Here's the real difference between creme fraiche and sour cream

Sour cream and creme fraiche can both add a tangy wallop to dishes whether garnishing flaky fish taco or a velvety chocolate mousse. However, each pearly condiment offers distinct cooking properties thanks to their somewhat subtle differences.

Both begin as fresh cream and undergo a ripening, or souring, process. Though they rely on different bacterial cultures for transformation. Sour cream, originating in Eastern Europe and Russia, calls for the addition of bacteria to convert the cream's lactose – aka milk sugar – to lactic acid (via MasterClass). This process thickens the cream and adds a delicious, decidedly sour note to boot. For an even thicker consistency, such stabilizers as gelatin and rennin can be incorporated (via Eater).

In France, creme fraiche is traditionally made with unpasteurized cream, which already boasts the necessary bacteria for ripening. In the U.S., however, manufacturers must abide by pasteurization laws and therefore add in bacteria to initiate culturing (via Chowhound). Either way, creme fraiche tends to be thicker than sour cream and has a milder flavor reminiscent of its sweet cream namesake.

Sour cream and creme fraiche have different uses

Another key distinction between sour cream and creme fraiche comes down to fat content. Sour cream is 20 percent fat while creme fraiche is 30 percent. Sour cream packs more protein, which can be a problem when it comes to cooking. Sour cream is prone to curdling when simmered or boiled and is best stirred into dishes at the end of cooking or, better yet, used as the final flourish while plating. Creme fraiche, on the other hand, can withstand being added directly to soups and sauces (via The Kitchn).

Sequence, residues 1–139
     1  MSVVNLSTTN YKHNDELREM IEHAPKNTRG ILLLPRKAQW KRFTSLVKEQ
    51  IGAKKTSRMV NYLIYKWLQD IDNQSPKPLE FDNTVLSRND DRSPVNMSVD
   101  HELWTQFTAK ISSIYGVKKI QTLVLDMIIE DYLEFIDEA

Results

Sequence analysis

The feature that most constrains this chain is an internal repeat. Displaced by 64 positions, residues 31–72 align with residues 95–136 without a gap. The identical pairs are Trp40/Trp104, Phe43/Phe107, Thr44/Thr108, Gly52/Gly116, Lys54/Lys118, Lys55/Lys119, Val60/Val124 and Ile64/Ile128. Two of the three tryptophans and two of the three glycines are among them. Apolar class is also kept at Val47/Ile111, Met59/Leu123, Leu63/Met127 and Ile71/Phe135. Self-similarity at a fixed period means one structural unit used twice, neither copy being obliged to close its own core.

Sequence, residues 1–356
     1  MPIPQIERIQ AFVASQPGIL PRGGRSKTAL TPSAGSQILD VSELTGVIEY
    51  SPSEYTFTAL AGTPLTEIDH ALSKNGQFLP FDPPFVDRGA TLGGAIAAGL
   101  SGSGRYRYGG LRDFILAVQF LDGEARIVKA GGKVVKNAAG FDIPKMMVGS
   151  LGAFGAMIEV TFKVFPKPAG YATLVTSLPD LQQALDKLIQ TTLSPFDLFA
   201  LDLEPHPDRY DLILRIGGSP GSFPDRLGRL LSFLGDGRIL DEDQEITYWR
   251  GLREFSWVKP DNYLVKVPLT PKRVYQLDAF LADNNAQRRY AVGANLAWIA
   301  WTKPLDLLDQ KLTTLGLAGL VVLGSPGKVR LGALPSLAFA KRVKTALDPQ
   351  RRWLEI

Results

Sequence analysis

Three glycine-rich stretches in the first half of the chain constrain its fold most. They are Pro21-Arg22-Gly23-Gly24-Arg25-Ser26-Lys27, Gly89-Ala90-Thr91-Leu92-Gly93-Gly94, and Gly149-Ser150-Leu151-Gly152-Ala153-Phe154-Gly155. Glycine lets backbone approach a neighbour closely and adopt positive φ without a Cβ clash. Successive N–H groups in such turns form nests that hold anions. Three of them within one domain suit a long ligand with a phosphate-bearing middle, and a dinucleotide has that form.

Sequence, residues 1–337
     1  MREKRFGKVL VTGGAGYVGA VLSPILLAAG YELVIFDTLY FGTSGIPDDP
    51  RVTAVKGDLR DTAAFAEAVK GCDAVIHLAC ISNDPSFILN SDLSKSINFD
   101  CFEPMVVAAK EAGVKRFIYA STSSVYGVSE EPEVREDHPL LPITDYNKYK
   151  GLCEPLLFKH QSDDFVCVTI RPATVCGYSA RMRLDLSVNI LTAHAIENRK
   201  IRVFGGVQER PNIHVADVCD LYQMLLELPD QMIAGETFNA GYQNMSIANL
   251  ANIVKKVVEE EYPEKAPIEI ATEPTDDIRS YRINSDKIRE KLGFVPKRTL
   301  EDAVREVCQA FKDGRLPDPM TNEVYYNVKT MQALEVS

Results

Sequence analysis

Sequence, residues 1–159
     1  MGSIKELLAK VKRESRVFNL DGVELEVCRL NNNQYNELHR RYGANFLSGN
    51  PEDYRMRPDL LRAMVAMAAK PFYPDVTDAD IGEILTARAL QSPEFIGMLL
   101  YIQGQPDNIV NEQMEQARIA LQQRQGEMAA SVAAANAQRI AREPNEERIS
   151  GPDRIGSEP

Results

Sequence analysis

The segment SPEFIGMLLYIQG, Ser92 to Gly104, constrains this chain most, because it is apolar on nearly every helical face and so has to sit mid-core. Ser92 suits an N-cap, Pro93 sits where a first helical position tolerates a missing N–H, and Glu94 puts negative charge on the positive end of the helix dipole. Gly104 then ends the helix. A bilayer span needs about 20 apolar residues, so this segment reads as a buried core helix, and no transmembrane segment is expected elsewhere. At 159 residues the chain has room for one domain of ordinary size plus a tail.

The two cultured creams also have different flavor profiles. Sour cream is often relished in savory dishes like nachos and blinis while creme fraiche is known for taking scones and fresh berries to the next level. The difference in flavor is related to their acidity. Sour cream is, as its name implies, more tart than creme fraiche, and this also impacts cooking.

According to MasterClass, sour cream's acidity level can break down gluten structures in baked goods. This is a good thing. An abundance of recipes for sour cream coffee cake, pound cake, chocolate cake, cheesecake, and donuts offers ample testimony to the fact that sour cream helps keep desserts moist.